Zootopia Parent Review
The story reminds us that no matter what our past experiences or genes may be, we still have the ability to determine how we will react and behave.
If you think your city has diversity, you haven’t been to Zootopia. It’s a sprawling metropolis that includes architecture ranging from extra-extra-small—for the tiniest of rodents—to extra-extra-large for elephants and giraffes. Even more amazing (and perhaps more impossible) are the climate zones, which go from extreme chill to desert heat, so there’s a comfortable temperature for every creature.
Of course one might wonder how all these animals get along in a high-density urban environment. Mayor Lionheart (voice of J.K. Simmons) proudly attests that Zootopia is a safe city where anyone can be anything. To prove his point he’s unveiled the municipality’s new Mammal Inclusion Initiative that gives even the tiniest critter equal access to employment. And that’s exactly why our protagonist, a little bunny named Judy Hopps (voice of Ginnifer Goodwin), has left her home in the country and moved to the big city.
Achieving the goal of becoming the first bunny on the police force, Hopps quickly learns that respect isn’t included in the benefits package. Surrounded by towering animals ten times her size, Police Chief Bogo (voice of Idris Elba) assigns the eager rookie to parking meter duty. Disappointed and desperate for real police work Judy jumps at the chance to assist Mrs. Otterton (voice of Octavia Spencer) when she shows up begging for help to find her missing husband. The plea comes at a moment when the chief has no alternative except to allow his new recruit to take the assignment.
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Because the plot is based on a criminal investigation, the animation may offer some concerns for little viewers. For instance, some characters are threatened verbally and physically, including rough talk about putting enemies on “ice” by a shrew of a mafia boss voiced by Maurice LaMarche. (He means he will throw them into an icy lake.) And there are also a couple of jump moments. Fortunately other possibly objectionable content is minor—mainly some rude humor in a scene where animals are practicing yoga without wearing their clothes. Within the context of the movie, it’s a funny setup.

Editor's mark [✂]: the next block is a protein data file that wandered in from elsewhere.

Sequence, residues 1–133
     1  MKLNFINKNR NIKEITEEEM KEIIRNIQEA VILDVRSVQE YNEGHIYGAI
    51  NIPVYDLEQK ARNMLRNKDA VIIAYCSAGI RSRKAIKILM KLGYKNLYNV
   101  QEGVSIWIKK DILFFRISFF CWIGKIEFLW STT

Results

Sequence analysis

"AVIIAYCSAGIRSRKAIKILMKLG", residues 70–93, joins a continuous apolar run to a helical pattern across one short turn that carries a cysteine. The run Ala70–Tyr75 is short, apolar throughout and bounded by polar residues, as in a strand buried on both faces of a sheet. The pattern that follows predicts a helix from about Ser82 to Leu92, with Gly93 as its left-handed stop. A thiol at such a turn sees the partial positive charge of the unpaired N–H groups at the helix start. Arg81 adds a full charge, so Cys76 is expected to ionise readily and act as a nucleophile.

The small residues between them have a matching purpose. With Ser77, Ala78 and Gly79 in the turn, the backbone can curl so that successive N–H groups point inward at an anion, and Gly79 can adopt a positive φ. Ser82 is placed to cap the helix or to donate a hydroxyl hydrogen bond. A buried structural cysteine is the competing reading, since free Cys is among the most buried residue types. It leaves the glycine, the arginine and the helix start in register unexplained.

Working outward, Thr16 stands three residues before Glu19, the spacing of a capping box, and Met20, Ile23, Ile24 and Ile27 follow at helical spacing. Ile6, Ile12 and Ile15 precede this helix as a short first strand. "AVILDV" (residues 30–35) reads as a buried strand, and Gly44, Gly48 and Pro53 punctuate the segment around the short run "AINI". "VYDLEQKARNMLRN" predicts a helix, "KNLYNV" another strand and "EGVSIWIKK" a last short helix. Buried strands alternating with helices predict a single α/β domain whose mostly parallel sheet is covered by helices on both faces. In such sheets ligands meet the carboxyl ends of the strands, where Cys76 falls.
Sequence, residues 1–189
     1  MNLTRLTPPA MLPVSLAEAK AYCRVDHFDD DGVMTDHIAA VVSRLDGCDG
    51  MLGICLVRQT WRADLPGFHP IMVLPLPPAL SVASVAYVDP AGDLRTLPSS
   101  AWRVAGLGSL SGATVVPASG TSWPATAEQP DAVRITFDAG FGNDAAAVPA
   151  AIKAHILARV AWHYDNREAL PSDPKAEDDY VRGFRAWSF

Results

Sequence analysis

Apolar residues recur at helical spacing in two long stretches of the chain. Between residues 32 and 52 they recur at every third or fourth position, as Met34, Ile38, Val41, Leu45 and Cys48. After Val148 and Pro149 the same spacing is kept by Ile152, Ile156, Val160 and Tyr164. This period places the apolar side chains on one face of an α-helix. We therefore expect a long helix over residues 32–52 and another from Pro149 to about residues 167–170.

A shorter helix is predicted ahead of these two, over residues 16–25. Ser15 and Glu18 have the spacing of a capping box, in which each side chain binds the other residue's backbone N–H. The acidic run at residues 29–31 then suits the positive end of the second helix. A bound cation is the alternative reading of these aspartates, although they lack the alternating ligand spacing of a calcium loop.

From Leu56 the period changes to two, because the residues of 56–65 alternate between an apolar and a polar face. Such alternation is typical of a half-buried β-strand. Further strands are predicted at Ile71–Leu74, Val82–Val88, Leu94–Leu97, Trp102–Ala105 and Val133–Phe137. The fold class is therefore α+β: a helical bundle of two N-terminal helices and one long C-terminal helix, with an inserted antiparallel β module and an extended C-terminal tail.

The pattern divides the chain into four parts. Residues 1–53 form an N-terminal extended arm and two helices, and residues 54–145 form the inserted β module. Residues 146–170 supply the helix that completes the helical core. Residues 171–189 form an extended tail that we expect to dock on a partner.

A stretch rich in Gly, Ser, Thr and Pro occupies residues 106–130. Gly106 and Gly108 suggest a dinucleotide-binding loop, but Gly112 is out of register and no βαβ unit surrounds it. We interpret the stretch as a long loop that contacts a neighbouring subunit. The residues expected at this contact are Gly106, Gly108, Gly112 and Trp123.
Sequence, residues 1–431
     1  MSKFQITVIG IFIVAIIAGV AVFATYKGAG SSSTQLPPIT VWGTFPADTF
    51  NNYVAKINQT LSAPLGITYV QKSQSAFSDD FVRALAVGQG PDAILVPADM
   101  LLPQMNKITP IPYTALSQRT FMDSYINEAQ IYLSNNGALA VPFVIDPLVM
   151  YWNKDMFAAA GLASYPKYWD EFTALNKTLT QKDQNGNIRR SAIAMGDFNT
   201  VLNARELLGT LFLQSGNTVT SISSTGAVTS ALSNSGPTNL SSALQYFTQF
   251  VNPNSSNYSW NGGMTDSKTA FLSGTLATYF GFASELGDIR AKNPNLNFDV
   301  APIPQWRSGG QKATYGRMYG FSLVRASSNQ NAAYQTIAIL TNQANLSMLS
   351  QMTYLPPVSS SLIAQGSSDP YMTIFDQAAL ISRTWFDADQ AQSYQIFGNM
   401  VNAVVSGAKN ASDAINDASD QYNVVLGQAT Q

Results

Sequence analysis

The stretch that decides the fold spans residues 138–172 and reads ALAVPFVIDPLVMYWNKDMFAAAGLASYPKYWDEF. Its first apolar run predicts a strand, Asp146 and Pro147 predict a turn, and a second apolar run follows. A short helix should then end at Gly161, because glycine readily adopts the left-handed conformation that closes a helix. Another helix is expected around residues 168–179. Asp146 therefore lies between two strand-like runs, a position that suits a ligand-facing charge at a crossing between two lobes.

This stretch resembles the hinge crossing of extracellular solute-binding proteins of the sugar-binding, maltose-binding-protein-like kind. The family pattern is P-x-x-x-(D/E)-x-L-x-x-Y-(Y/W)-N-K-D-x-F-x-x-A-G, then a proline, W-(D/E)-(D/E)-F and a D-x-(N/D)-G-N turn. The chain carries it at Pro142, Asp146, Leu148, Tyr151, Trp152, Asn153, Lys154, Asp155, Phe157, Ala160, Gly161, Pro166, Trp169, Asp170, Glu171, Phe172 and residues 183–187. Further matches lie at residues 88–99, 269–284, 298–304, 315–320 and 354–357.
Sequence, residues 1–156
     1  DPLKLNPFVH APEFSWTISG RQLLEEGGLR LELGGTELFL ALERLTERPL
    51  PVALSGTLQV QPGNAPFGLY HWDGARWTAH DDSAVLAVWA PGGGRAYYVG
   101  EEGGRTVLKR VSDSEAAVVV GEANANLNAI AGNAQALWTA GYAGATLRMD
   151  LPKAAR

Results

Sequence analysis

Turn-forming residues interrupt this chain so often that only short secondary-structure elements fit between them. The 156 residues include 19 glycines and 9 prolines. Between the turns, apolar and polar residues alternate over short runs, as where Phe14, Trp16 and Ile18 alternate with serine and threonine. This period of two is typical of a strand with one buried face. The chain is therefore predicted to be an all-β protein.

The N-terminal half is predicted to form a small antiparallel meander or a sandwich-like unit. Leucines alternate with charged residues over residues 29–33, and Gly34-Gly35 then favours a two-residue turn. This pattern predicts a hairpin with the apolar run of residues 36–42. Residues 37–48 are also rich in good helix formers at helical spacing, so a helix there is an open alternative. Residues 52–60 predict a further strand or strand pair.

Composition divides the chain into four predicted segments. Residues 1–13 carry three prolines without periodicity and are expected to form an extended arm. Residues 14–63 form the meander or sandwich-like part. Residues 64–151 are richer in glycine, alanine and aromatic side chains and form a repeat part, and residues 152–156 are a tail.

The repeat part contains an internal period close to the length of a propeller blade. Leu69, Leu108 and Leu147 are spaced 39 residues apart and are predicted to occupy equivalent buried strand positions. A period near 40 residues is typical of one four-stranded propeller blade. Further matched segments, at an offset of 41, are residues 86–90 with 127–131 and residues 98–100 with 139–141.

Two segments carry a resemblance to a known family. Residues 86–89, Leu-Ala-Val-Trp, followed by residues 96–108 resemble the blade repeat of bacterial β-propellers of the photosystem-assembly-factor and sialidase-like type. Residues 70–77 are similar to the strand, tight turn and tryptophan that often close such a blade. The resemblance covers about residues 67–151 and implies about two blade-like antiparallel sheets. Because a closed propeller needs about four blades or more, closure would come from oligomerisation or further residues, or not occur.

Not surprisingly, Zootopia also investigates themes of acceptance and inclusion—popular ideas in films aimed at young moviegoers. But in this script none of the characters are without their own preconceptions. A nasty fox bullied Officer Hopps during her childhood, so it is a bitter irony that she must now depend on another fox (voice of Jason Bateman), this one with a checkered past, to help her solve the case. Other creatures possess similar shades of prejudice that are hidden beneath the city’s utopian veneer.
For me, this is the genius of this highly creative production. The story sends a positive message that reminds us that no matter what our past experiences or genetic makeup may be, we still have the ability to determine how we will react and behave. Even if none of us are perfect, we can chose to forgive others and work together to create our own ‘topias, wherever we might happen to live.Directed by Byron Howard, Rich Moore, Jared Bush. Starring Ginnifer Goodwin, Alan Tudyk, Katie Lowes, Jason Bateman. . Running time: 109 minutes. Updated June 7, 2016
Get details on profanity, sex and violence in Zootopia here.
Zootopia Parents Guide
What parallels to city life do you think the creators of this movie are intending to portray? How does having animals play the roles of humans make these message easier for audiences to accept?
Some animal characters in this movie are depicted as having overcome their natural predator instincts. Foxes are an example of this, becoming members of the utopian society despite their once-vicious behavior. Do you agree with the movie’s message that people are capable of choosing their behavior, even when their action may be contrary to what they might “naturally” be inclined to do? How much choice do you think you have over your nature (DNA and genetic make-up) and your nurture (upbringing, social expectations)?
Many species of animals in this film reveal character flaws relating to pre-judgments of others. Is this an accurate reflection of our society? Is it possible for an imperfect human not to have some prejudicial feelings toward others? What control do we have over the way we feel about and treat others?
From the Studio:
In the animal city of Zootopia, a fast-talking fox who’s trying to make it big goes on the run when he’s framed for a crime he didn’t commit. Zootopia’s top cop, a self-righteous rabbit, is hot on his tail, but when both become targets of a conspiracy, they’re forced to team up and discover even natural enemies can become best friends. Written by Walt Disney Animation Studios